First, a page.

The principles of Applied Behavior Analysis do not just occur within the vacuum of a clinical or
therapeutic setting. Believe it or not, we see the fundamentals of ABA constantly in our daily
lives. For this “ABA All Around Us” series, we’re going to break down some basic concepts and
apply them to real-world situations. Today, let’s take a look at Negative Reinforcement:

Last time we talked about positive reinforcement which increases the future likelihood of a
behavior occurring by introducing something into the environment. Negative reinforcement,
however, increases the future likelihood of behavior by removing something. Let’s apply this
concept to a real-world scenario: the act of taking aspirin for a headache.

In this situation, your behavior of taking the aspirin is negatively reinforced by the removal of a headache. By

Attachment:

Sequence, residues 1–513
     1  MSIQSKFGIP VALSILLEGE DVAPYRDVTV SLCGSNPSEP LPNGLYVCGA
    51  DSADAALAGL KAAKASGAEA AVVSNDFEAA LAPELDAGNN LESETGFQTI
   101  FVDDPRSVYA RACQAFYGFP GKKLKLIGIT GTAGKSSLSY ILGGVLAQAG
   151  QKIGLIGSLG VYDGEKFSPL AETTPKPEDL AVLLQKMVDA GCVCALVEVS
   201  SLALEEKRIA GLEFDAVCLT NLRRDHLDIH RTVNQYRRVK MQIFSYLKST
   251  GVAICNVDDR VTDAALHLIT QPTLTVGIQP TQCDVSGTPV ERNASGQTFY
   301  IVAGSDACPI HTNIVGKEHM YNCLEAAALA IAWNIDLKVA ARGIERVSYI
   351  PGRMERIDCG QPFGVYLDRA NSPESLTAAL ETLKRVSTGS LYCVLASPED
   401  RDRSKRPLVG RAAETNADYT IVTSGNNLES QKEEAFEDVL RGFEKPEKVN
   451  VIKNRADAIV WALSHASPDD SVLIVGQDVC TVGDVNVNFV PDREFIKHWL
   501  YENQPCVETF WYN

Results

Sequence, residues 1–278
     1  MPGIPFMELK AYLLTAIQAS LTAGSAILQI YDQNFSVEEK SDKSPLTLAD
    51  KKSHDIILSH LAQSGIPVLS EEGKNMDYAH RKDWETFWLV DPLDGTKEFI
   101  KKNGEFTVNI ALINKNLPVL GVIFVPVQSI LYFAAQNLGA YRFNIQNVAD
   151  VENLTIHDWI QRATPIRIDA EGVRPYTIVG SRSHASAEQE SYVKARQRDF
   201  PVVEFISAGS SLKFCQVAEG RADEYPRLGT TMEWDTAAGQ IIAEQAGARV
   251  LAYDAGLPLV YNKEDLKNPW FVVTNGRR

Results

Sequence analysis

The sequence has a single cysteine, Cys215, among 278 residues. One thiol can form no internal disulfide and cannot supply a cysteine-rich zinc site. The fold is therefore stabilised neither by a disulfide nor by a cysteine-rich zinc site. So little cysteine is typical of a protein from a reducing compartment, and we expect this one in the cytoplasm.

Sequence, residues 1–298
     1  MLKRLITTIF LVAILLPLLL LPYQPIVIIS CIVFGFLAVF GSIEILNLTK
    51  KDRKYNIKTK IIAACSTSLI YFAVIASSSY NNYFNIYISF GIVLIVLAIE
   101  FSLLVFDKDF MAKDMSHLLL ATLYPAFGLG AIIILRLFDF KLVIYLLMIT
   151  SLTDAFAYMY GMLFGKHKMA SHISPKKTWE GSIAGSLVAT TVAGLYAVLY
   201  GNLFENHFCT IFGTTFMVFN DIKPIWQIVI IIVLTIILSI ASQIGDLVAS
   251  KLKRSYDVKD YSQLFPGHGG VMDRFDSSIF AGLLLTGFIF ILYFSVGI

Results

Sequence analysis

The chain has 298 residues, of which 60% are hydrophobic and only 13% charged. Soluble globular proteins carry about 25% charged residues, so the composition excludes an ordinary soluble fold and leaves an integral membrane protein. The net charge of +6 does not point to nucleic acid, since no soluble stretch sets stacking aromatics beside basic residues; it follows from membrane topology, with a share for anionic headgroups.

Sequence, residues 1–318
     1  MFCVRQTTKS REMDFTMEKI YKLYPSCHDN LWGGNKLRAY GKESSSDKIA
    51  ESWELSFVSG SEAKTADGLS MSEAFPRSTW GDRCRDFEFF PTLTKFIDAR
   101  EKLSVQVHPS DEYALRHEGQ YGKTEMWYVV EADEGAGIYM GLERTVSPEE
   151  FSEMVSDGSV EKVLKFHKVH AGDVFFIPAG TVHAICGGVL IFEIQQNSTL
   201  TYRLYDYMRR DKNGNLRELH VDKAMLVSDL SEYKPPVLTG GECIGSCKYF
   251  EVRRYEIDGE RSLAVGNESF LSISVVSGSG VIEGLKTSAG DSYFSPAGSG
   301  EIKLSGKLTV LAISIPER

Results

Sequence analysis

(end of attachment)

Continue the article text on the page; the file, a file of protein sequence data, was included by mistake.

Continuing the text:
removing the headache, your behavior of taking the aspirin is being reinforced, and you are
therefore more likely to engage in the behavior of taking aspirin the next time you have a
headache.

If you tried taking aspirin and it was not effective at removing your headache, then
reinforcement was withheld from your behavior and you are now not as likely to take aspirin the
next time you have a headache.

Negative reinforcement doesn’t just have to involve removing a
stimulus that is already in place (the headache that you already had). Negative reinforcement also
involves avoiding or preventing a stimulus or a situation from occurring. For example, imagine
you’re driving down the road and you come to a red light. By stopping at the red light, you are
avoiding either being pulled over or getting into a car accident.

Your behavior of stopping the car is being negatively reinforced by avoiding the aversive situation of getting a ticket or getting into
a car accident. By successfully avoiding these things, you are more likely to engage in the
behavior of stopping at a red light again in the future. 

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